Over 5 pct of Vietnamese children have trafficking-related experiences: report

By Phan Anh   August 14, 2019 | 05:00 pm PT
Over 5 pct of Vietnamese children have trafficking-related experiences: report
A Vietnamese woman, now 22, was rescued after being sold to China. Photo by AFP/Manan Vatsyayana.
In Vietnam, 5.6 percent of children may "have experiences related to child trafficking," said a report by Coram International and UNICEF.

"Casting Light in the Shadows: Child and youth migration, exploitation and trafficking in Vietnam," released on Tuesday at a conference in Hanoi, said they were either trafficking victims or exposed to trafficking risks.

Vietnamese girls and boys are equally at risk of trafficking, while less than one in 10 victims of trafficking or labor exploitation received any form of support.

The report, surveyed 3,885 people aged 12 to 24 in 36 Vietnam localities from 2017.

"This study provides important evidence of the prevalence of child trafficking and the experiences of exploited or trafficked children," Lesley Miller, UNICEF Deputy Representative in Vietnam, said.

"It also reveals that both boys and girls are impacted, reinforcing the need for gender-responsive prevention and responses."

Kara Apland, senior researcher at research institute Coram International, said: "The majority of trafficking survivors never access support services. Furthermore, services were found to be focused on a particular profile of trafficking victim: typically, female victims of sex or marriage trafficking, who were trafficked across borders."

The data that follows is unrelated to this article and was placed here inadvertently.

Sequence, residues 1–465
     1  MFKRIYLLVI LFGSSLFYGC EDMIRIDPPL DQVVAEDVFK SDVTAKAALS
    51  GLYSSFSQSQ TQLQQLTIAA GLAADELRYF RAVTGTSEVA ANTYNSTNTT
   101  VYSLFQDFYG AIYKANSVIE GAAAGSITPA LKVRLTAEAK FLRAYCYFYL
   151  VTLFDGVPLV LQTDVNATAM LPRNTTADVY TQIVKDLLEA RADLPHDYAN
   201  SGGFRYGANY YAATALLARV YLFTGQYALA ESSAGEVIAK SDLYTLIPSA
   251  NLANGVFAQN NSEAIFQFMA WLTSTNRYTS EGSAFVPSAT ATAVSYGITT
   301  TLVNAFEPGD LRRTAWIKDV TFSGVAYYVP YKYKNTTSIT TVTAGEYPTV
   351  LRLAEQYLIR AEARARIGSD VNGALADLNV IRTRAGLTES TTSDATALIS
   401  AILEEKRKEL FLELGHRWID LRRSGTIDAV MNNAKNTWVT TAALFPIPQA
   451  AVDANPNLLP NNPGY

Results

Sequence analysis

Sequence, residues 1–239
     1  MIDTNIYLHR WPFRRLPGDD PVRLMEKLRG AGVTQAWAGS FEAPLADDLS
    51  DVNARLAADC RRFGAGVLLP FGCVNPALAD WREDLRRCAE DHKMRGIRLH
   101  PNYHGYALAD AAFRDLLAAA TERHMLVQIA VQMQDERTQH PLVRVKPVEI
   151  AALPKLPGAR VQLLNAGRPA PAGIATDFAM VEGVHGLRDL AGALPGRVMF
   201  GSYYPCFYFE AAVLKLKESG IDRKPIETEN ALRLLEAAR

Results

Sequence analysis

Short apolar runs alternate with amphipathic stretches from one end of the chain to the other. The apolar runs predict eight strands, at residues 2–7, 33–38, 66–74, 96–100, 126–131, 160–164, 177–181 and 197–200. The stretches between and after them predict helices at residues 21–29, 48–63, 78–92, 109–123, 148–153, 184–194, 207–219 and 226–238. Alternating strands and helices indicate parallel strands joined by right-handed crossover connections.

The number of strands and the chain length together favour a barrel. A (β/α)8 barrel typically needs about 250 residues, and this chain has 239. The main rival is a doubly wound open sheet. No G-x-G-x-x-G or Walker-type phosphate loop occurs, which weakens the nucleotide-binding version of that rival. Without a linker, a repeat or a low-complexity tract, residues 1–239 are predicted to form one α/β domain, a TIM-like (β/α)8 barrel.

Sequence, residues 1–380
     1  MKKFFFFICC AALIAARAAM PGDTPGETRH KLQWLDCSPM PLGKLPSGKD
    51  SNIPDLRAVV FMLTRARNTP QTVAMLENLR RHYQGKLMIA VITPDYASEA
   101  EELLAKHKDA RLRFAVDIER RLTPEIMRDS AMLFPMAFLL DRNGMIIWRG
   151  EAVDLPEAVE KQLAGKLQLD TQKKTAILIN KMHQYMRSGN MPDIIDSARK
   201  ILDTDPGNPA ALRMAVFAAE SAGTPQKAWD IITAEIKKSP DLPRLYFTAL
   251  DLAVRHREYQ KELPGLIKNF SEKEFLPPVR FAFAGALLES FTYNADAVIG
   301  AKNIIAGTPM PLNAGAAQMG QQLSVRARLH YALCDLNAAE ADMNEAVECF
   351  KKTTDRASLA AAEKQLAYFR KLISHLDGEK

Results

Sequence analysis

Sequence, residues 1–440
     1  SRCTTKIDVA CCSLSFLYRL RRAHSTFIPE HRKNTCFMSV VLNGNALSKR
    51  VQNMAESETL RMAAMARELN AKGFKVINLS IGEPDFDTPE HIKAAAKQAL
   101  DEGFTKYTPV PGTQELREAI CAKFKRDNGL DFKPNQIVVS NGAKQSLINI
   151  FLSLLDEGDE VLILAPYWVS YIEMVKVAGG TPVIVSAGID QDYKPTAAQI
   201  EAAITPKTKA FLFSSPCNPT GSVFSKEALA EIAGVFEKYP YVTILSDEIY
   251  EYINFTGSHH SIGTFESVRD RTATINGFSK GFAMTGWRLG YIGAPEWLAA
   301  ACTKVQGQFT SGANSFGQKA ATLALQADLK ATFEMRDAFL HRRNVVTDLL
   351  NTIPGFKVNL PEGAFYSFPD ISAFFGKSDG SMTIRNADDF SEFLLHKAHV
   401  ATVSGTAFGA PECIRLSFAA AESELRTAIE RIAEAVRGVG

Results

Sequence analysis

The majority of trafficking victims make active decisions to migrate in pursuit of opportunities and subsequently experience violence and labor exploitation, the report said.

Children and young people from deprived backgrounds and those living in poverty are particularly vulnerable to trafficking.

Trafficking survivors face challenges reintegrating into their communities and stigma, particularly women and girls.

Promotion of integrated approaches against trafficking, prioritization of children’s access to education and skill training, safe employment opportunities and livelihood programs are among its recommendations to combat child trafficking and labor exploitation.

About 80 percent of human trafficking victims in Vietnam end up in China, according to the Ministry of Public Security.

Most cases are from northern border provinces such as Lao Cai, Ha Giang, Dien Bien, and Quang Ninh, and most of the victims are women or children.

Traffickers increasingly use the Internet, gaming sites and, particularly, social media to lure potential victims into vulnerable situations while many men entice young women and girls with online dating relationships and persuade them to move abroad and then subject them to forced labor or sex trafficking.

China, the world’s most populous country, suffers from one of the worst gender imbalance rates due to its one-child policy and illicit abortion of female fetuses by parents wanting sons, leading to increasing trafficking of Vietnamese women and baby girls.

In its 2019 Trafficking in Persons Report issued in June, the U.S. said Vietnam has not fully met the minimum standards of the U.S.’s Trafficking Victims Protection Act of 2000 but is making significant efforts to comply with those standards, including running awareness campaigns in vulnerable communities.

The lack of interagency coordination and provincial officials' lack of familiarity with anti-trafficking laws and victim protection however continue to impede anti-trafficking efforts, it said.

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